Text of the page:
Flashcards in Fundamentals of CT Deck (29):
What are the basic principles of a CT scanner?
An x-ray tube produces a beam which passes through a patient. Underneath the patient is the detectors arranged in a circle and move around the patient. Irradiating the patient from a large variety of angles.
What is under the hood of a CT scanner? (no matter how old)
1. The x-ray tube
2. X-ray detectors
3. Cooling system
What are the essential imaging components of the X-ray Tube?
-Small focal spot
-High tube current
-Anode (high heat capacity)
-Tube needs sophisticated cooling system
Why is a small focal important for good images?
Smaller focal spot means that all x-rays appear to have come from the same point source.
A large focal spot means lots of x-rays come from slightly different angles creating a blurry image.
What are the essential imaging components of the collimation?
-Pre collimation determines the slice thickness
-Post collimation limits the amount of scatter reaching the detectors which would add 'Noise' to the image
What is an essential component of filtration?
As there is higher intensity at the edges of the fan beam compared to the centre. A bow-tie shaped filter is used. (bow tie smaller in the centre and thicker on the edges). This equalises the intensity across the fan beam creating a clearer image.
How does a gas detector (xenon) work?
Radiation ionises the xenon molecules and the electron produced are attracted towards a conductor to produce an electrical signal
How does a solid state detector (based on scintillation ) work?
Crystals absorb radiation and excess energy emitted as light.
Connected to a multiplier tube creating an electrical signal proportional to the amount of light which is in turn proportional to the amount of radiation.
(Lots of x-rays through crystals = Lots of light coming out)
The scintillator is backed by a photo-diode which changes the light to an electrical signal
Advantage of using a solid state detector compared to gas?
-Very fast (not depended on build up of ionisation)
-very small (just need a crystal and a photo diode)
-Smaller detectors = better image quality
-Lots of fans and detectors able to take multiple images
-Faster image= less patient movement
What does the CT 1st generation involve?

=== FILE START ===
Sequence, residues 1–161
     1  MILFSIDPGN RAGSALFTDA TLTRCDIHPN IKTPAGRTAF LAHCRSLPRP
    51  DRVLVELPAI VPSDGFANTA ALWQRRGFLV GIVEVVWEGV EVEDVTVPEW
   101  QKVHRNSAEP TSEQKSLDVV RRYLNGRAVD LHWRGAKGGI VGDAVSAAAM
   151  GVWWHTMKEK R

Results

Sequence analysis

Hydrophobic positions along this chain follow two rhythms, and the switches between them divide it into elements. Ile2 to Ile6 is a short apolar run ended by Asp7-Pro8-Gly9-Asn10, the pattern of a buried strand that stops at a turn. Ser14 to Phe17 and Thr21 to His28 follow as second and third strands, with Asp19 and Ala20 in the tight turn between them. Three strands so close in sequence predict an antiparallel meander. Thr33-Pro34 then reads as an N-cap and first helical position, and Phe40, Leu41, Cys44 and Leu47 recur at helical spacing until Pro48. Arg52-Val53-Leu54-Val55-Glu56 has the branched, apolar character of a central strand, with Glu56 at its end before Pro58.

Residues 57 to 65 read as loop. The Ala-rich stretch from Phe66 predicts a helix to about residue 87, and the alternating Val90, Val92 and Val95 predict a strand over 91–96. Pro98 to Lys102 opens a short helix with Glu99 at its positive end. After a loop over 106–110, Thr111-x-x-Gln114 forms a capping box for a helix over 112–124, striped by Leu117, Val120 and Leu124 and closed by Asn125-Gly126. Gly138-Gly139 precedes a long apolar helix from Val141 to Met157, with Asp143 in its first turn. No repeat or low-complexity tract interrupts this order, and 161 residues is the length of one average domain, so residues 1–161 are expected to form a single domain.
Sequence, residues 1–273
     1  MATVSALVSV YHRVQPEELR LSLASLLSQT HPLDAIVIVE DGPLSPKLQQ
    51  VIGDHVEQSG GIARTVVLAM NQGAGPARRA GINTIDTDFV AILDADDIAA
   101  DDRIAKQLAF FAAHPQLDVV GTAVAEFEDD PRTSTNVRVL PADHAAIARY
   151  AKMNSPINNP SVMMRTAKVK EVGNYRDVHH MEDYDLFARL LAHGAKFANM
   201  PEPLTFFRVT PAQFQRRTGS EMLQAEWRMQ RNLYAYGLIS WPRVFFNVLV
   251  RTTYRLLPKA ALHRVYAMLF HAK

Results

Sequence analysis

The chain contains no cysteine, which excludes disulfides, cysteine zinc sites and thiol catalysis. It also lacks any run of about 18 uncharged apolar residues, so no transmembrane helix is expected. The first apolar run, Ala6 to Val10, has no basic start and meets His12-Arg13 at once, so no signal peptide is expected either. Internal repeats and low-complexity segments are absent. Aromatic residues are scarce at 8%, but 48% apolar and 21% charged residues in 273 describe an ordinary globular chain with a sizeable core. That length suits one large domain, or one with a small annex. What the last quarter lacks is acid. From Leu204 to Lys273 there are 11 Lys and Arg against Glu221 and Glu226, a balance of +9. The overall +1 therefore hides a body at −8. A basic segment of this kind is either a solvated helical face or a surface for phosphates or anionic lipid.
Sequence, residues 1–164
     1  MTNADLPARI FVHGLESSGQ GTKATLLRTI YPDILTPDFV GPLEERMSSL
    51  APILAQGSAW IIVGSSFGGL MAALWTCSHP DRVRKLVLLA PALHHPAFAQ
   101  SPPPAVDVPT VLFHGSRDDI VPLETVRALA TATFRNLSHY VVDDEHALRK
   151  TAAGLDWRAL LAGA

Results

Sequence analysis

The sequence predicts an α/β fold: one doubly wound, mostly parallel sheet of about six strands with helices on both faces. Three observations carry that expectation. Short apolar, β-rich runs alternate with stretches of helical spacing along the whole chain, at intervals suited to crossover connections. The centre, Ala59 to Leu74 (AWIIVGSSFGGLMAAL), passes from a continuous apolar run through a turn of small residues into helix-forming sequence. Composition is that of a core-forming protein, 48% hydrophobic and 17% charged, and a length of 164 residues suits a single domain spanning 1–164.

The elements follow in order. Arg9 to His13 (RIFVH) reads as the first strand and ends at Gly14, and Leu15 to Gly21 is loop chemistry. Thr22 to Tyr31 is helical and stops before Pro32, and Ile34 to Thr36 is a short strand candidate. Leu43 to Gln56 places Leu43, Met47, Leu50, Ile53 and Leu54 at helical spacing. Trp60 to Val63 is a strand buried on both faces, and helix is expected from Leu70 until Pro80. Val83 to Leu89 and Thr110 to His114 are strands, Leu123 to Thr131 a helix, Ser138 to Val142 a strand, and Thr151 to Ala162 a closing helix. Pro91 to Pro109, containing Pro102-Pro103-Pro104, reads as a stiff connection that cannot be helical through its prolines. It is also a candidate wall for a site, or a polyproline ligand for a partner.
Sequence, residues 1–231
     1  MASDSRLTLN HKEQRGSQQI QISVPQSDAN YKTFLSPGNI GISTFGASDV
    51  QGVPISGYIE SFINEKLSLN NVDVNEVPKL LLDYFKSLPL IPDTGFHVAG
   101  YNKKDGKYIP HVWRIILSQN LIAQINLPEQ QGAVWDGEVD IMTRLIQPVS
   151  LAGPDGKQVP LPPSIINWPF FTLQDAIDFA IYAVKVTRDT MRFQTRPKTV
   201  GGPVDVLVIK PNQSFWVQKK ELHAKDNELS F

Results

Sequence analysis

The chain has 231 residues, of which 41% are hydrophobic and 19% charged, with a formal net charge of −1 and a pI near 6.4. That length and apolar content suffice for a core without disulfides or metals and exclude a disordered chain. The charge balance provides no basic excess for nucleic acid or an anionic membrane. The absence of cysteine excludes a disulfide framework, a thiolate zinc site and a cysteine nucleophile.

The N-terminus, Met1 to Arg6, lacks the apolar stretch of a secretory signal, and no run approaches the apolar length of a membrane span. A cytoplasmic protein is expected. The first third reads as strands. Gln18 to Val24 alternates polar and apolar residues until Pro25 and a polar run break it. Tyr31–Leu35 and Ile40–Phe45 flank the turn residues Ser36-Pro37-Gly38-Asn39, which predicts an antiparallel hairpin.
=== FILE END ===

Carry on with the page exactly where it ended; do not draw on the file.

Single detector opposite the source exposed then rotated fractionally round to acquire data again
-Several minutes per slice
-require the patient to stay still for a long period of time
What does the CT 2nd involve?
-Multiple detectors (up to 30)
-Several projections per slice
-20 seconds per slice
-Gantry would take an image, rotate 30 degrees.
What does the CT 3rd generation involve?
-Large bank of detectors (usually 1000)
-Continuously rotating fan beam?
-1 second per slice
-Bowtie filter controls excessive variations in signal strength
What does the bowtie filter do?
-Attenuate peripheral aspect of fan beam
-overcome effects of beam hardening
-minimise skin dose
What does the CT 4th generation involve?
-Ring of fixed detectors surrounds the patient
-X-ray tube rotates inside detector ring through 360 degrees with a wide fan beam
-Limited by only being able to do 2 rotations before going in reverse to unwind the power cables
How was the power cable limitation of the 4th generation fixed?
Instead of power cables supplying power to the x -ray tube a slip ring is now used.
-Allows for continuous rotation
-Moves patient in Z direction on couch allowing for rapid gathering of data
How is image acquisition affected by the linear attenuation coefficient (u)?
As the x-ray beam passes through the patient, the change in output is completely dependent on the change in intensity.
(u) represents the extent to which the x-ray intensity is reduced by a material.
Bone (high LAC) = big reduction in intensity
Air (Low LAC)= Minimal Reduction of intensity
Each (u) is sampled at each detector to generate a projection.
How does Spiral CT work?
-Gantry rotates continuously in one direction on the slip ring
-At the same time the patient table moves at the same speed through the gantry
-faster CT means less chance of patient movement
What is spiral pitch?
The ratio of the patients movement through the gantry during one rotation relative to the beam collimation (slice thickness)
What happens if we have large pitch?
Pitch greater than 1mm creates interspaces and some portion of the body may be missed.
What does the 'Increment' refer to?
-The distance between the slices
How is image reconstruction achieved?
Through filtered back projection and adding information together.
A CT number is then assigned
What is filtered back projection?
As back projection produces blurred axial images. Filtering is used to improve the image quality.
What are CT numbers and how are they computed?
They are the pixel values assigned in the image.
-Computed by calculating the relative difference between the LAC of tissue and water
What is the CT number for water air and bone?
How do artefacts affect image quality?
-Degrade image quality by causing streaks, shading, rings and distortion.
What can cause streak artefacts?
Patient motion, organ motion, high density material, noise, mechanical failure
Rings on the image can be produced by 3rd generation scanners.
What is partial volume effect?
Assume a voxel comprises of a number of different substances. The calculated CT number represents an average of their properties.
Therefore material in any one voxel can affect values of surrounding voxels.
What does the partial volume effect result in?
-Difficult to differential between tissue boundaries
-slice thickness and spiral pitch affect PVE